Saturday, 28 June 2014

Jougla De Morenas, Grand armorial de France, available for download

I have just discovered that Henri Jougla de Morenas (continued by Raoul de Warren), Grand armorial de France: Catalogue général des armoiries des familles nobles de France ... (1934–1952) including the Supplément,  is available via the web as a series of PDFs.

Get them before the links break!

  • 1: van der AA – Bataillon
  • 2: de la Batardie – Coëtlogat de Clegrio
  • 3: de Coëtlogon – de Fieubert
  • 4: des Fieux – de Martimprey
  • 5: Martin – de Richaud
  • 6: Richaudeau – Zylof de Steenbourg et de Wynde (followed by Sources and bibliography)
  • 7: Supplément
For volumes 2–7 just change the numeral in the URL.

Here, for example, is the entry for the Hurault family, discussed in a recent post:

A few other books are available from the same website:

There is also a link to a very large heraldic bibliography, with links to digitized books, here.

Saturday, 21 June 2014

A Dismembered Italian Ferial Psalter

Those of you who subscribe to the Manuscripts on My Mind (MoMM) Newsletter (and if you don't, I recommend that you do) will know about St Louis University, MSS 55a and 55b; Susan L'Engle brought attention to these two leaves in MoMM issue 8 (PDF here):

Saturday, 14 June 2014

Archinto Catalogue Online

Some time ago I was pleased to discover that Google Books included an 1863 auction catalogue of books from the library of Count Carlo Archinto of Milan, as I had encountered important medieval manuscripts from this library at the Bodleian and Getty Museum.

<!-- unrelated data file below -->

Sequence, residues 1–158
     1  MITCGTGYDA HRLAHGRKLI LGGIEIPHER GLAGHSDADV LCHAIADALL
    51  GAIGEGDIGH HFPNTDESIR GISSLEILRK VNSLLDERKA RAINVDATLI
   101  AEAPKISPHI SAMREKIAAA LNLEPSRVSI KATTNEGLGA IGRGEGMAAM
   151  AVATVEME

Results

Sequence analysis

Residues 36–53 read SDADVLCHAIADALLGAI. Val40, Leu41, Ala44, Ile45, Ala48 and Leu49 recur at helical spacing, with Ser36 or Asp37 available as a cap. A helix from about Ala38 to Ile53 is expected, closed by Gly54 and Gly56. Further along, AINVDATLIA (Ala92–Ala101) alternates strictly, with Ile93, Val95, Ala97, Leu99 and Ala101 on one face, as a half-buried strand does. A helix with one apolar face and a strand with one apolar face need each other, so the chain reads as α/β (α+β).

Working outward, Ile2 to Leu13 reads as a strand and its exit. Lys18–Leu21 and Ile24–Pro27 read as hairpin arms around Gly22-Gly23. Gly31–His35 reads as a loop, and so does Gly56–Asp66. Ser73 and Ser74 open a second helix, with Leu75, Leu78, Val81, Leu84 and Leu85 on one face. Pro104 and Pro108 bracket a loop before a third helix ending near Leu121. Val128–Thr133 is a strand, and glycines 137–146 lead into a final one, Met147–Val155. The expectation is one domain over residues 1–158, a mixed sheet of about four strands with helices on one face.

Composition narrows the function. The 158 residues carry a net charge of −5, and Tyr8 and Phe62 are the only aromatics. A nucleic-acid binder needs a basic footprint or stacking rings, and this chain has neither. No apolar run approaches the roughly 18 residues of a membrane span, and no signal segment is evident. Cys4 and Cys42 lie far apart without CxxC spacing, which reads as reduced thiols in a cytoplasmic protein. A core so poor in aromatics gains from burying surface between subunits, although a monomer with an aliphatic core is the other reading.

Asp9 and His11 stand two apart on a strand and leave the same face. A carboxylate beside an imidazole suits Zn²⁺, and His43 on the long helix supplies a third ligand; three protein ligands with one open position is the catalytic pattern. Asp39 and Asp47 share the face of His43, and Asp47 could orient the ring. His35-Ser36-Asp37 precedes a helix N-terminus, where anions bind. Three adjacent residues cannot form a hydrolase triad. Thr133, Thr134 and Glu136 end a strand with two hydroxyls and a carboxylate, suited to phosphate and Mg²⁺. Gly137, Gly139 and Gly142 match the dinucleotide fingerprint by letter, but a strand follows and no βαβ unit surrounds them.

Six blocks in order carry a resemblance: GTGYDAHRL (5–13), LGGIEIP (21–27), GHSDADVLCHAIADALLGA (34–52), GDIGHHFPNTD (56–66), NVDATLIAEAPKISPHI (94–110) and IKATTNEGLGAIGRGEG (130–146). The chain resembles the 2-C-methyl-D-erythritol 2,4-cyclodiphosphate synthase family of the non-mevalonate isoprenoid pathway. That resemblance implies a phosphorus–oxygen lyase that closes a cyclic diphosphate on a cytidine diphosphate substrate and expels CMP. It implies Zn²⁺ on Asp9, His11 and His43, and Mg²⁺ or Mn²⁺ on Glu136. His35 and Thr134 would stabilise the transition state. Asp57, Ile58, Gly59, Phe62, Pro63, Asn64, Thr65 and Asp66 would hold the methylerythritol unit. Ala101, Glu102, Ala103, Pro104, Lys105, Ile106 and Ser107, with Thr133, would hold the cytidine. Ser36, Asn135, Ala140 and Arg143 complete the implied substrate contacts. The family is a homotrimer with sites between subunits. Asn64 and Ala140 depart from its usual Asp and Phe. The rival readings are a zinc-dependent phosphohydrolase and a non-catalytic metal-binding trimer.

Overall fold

Those I have seen are in distinctive green vellum-covered bindings. Two of the three Archinto MSS in Digital Scriptorium have such a binding, for example:
Typical Archinto binding
San Francisco, State of California, Sutro Collection MS 7

Saturday, 7 June 2014

Unidentified Hurault? Arms in a French Book of Hours

I am currently trying to identify some arms that appear twice in a Book of Hours, made in Paris(?) in the first half of the 16th century. They appear filling a half-page space at the end of the Extracts from the Four Gospels:
and again, rather cropped, in the lower border at the beginning of the Hours of the Virgin:

Sunday, 1 June 2014

A Manuale from the Augustinian Convent of Sts James and Christopher, Steterburg (Lower Saxony)

Having discussed one of Occidental College's two medieval codices in a previous post, we can turn to the other: a fascinating German nuns' book – a manuale – whose origin can be deduced from its textual contents.
But before turning to its origin, what can we tell about its more recent provenance?